1 French Land Register data, which excludes lakes, ponds, glaciers > 1 km2 (0.386 sq mi or 247 acres) and river estuaries.

2 Population without double counting: residents of multiple communes (e.g., students and military personnel) only counted once.

Bardos (Basque Bardoze) is a commune in the former Basque province of Labourd in the Pyrénées-Atlantiques department in the Nouvelle-Aquitaine region of south-western France.[1]

The inhabitants of the commune are known as Bardoztars.[2]


Bardos is located some 15 km east of Bayonne just south of Guiche. The north-eastern tip of the commune is also the departmental border between Pyrénées-Atlantiques and Landes. Access to the commune is by the D936 road from Briscous in the west which passes through the heart of the commune and the town and continues east to Bidache. The D253 goes north from the town to Guiche. The D318 goes south from the town to join the D123 west of Orègue. The D10 branches off the D936 in the west of the commune and goes south to La Bastide-Clairence. The A64 autoroute (E80) passes through the north of the commune with the nearest exit being Exit Sinnbild Autobahnausfahrt.svg 4  which exits to the D936 just 1 km to the west of the commune. The commune is mostly farmland with scattered forested areas particularly on the slopes.[3][4]

The town is served by the interurban network of Pyrénées-Atlantiques (Transports 64) by route 811 to Bayonne and Tardets-Sorholus.[5]

There is a dense network of streams across the whole commune. The north-eastern tip of the commune has the Bidouze as the communal and the departmental border. The Ruisseau d'Ermou flows through the commune and joins the Bidouze at the north-eastern tip of the commune. The Ruisseau du Termi forms much of the northern border as it flows north-west to join the Adour north of the commune. Numerous other streams rise in the commune and flow north to the Adour. The Lihoury river forms part of the south-eastern border of the commune as it flows north, fed by the Laharanne, and joins the Bidouze east of Bidache. The Ruisseau d'Appât rises in the commune and flows south to join the Lihoury. The Arbéroue forms much of the southern border of the commune as it flows east to join the Lihoury. The Aran forms most of the western border of the commune as it flows north then turns west to join the Adour. Numerous streams flow in the heart of the commune including the Ruisseau d'Artigue, the Ithurriague, and the Bardolle.[3]

Geology and terrain

The area of the commune is 4,253 hectares with a maximum altitude of 186 m on the Miremont hill which is the location of an old 14th century mansion as well as a water tower built on a panoramic viewpoint overlooking the Adour valley.


The climate of Bardos, some twenty kilometres from the Basque coast, is relatively similar to that of Biarritz with fairly heavy rainfall: the oceanic climate due to its proximity to the Atlantic Ocean. The average winter temperature is around 8 °C and around 20 °C in summer. The lowest temperature recorded was -12.7 °C on 16 January 1985 and the highest 40.6 °C on 4 August 2003. Rain on the Basque coast is rarely persistent except during winter storms. It often takes the form of intense thunderstorms of short duration.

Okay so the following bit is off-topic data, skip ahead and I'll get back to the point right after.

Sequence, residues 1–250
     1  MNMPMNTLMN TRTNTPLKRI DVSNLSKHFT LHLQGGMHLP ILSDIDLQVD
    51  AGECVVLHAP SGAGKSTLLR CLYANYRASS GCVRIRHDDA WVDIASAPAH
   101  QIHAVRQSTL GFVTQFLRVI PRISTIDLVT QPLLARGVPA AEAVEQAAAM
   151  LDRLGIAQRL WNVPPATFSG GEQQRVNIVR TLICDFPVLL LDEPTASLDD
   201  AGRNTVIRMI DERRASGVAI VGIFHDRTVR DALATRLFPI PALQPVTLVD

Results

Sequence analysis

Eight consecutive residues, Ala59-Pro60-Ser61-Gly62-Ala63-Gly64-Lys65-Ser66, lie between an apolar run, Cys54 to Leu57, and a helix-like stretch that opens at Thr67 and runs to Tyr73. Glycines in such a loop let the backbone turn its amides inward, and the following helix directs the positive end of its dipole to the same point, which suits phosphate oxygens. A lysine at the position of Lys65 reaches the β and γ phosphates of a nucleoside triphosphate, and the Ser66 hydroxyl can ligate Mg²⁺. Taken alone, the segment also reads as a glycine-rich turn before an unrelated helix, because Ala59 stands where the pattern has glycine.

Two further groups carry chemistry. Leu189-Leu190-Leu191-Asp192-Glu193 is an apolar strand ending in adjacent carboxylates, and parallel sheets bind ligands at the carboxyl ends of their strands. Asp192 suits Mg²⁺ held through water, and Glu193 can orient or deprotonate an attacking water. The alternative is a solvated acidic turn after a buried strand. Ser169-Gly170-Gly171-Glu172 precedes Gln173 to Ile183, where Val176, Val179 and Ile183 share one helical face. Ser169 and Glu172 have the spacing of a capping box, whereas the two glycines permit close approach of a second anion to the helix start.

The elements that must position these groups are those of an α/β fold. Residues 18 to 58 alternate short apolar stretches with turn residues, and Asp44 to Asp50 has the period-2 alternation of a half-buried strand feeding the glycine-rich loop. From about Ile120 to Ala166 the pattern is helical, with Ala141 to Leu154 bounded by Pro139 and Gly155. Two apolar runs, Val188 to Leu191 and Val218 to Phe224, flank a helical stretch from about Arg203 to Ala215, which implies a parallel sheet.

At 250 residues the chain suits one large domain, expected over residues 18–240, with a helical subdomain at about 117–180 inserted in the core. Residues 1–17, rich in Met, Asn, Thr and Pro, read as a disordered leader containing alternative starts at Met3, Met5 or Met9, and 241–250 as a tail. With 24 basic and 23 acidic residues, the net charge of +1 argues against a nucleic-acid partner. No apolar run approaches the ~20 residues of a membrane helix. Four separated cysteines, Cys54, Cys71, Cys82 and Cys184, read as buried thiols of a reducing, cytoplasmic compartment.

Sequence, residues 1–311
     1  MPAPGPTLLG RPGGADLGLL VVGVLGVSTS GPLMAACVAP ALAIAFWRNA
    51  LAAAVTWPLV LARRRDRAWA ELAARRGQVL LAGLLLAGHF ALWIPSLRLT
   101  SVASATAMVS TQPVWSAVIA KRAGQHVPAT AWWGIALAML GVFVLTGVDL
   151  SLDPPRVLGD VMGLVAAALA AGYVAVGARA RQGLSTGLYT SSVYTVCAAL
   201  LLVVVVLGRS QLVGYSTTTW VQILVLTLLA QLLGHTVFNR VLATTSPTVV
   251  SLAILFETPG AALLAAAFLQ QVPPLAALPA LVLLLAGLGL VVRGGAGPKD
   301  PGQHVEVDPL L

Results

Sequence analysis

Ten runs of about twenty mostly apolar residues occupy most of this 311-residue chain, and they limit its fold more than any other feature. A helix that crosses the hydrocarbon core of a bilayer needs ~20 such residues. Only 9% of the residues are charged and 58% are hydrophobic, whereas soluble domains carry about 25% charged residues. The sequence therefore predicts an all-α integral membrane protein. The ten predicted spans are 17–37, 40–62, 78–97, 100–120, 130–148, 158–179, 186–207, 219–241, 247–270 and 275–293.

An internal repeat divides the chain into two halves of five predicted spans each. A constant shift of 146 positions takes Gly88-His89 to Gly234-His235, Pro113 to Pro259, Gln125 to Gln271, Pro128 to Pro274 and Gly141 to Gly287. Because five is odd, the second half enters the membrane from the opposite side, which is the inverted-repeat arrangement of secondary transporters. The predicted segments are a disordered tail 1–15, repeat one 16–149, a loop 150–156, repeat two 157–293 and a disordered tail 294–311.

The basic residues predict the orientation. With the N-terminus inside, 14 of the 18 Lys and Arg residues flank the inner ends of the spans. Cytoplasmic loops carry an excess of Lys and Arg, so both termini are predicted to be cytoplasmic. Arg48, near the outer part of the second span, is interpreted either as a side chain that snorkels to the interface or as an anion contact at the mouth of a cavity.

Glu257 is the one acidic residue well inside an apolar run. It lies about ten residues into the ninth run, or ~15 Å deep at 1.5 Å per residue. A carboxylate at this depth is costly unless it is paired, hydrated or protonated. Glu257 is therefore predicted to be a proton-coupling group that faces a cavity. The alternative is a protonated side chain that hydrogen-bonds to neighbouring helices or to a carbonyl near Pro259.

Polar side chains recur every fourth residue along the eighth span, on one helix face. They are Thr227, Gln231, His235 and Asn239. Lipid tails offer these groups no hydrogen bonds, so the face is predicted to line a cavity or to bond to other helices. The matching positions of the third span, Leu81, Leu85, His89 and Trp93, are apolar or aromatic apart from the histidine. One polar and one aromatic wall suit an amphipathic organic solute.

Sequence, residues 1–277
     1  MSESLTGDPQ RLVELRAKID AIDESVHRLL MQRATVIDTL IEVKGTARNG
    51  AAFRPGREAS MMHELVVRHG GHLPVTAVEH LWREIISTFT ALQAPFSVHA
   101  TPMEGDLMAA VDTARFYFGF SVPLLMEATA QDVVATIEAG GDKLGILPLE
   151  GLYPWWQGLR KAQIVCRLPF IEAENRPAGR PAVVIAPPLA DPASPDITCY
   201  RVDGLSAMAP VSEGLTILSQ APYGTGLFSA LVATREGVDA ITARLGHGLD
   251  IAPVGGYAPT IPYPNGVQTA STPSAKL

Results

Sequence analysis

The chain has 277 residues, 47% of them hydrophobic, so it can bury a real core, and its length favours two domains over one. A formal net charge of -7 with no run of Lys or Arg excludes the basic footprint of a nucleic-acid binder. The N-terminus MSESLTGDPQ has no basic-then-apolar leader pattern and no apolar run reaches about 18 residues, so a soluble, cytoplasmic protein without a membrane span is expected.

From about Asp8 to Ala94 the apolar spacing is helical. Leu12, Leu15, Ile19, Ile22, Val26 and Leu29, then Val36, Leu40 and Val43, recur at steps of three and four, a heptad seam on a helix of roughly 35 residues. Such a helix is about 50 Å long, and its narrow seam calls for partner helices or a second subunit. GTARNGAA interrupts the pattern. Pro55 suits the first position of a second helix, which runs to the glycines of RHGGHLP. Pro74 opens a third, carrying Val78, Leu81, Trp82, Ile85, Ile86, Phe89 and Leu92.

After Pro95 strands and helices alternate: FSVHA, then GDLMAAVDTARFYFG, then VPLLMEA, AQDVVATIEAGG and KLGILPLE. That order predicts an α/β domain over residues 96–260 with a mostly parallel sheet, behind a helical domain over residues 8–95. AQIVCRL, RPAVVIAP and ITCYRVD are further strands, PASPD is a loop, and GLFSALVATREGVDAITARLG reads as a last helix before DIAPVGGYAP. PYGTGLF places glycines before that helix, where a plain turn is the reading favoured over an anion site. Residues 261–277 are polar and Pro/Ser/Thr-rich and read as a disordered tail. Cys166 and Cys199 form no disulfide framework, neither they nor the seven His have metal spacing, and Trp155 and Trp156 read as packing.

Town Sunshine





National Average 1,973 770 14 22 40
Bardos[7] 1,920 1,450 2 36 29
Paris 1,661 637 12 18 10
Nice 2,724 767 1 29 1
Strasbourg 1,693 665 29 29 56
Brest 1,605 1,211 7 12 75
Climate data for Biarritz
Month Jan Feb Mar Apr May Jun Jul Aug Sep Oct Nov Dec Year
Record high °C (°F) 23.4
Average high °C (°F) 12.0
Daily mean °C (°F) 8.4
Average low °C (°F) 4.8
Record low °C (°F) −12.7
Average precipitation mm (inches) 128.8
Average precipitation days (≥ 1 mm) 13.4 12.0 11.9 13.6 12.9 10.4 8.8 9.6 9.7 12.5 13.0 12.6 140.4
Mean monthly sunshine hours 98.5 115.6 163.4 171.7 194.2 206.9 216.5 209.1 197.1 146.5 106.6 93.9 1,920
Source #1: Meteorological data for Biarritz – 69m altitude, from 1981 to 2010 January 2015 (in French)
Source #2: Record Temperatures for Biarritz since 1951 January 2015 (in French)

Places and hamlets

On the Napoleonic Cadastral Map of 1818 the commune was divided into four sections:[8]

  • Section A, Lassarrade
  • Section B, Legarre
  • Section C, Lerine
  • Section D, Ibar

Today, although the division into districts is not precise, there are seven districts:

  • Arbinoritz
  • le Bourg
  • Ibarre
  • Lambert
  • Lassarrade
  • Miremont
  • les Tisserands

Town planning


In 2011 the total number of dwellings in the commune was 716, down from 611 in 2006.[9]

Of these dwellings, 87% were primary residences, 6.6% were second homes, and 6.3% were occasional homes or vacant units. 69.4% of these dwellings were detached houses and 29.6% were apartments.[9]

The proportion of principle residences owned by their occupants was 74%. The percentage of empty rental public housing was 1.3%.[9]


The commune name in Basque is Bardoze[10] and its name in Occitan, gascon dialect is Bardòs.

The name consists of the root bard- or bart- which designates the low terrain and clay soils along the river edges (barthe is from the Gaulish anthroponym bardus)[11] plus the Basque-Aquitaine suffix -os. Jean-Baptiste Orpustan proposes the meaning "place of abundant clay soil".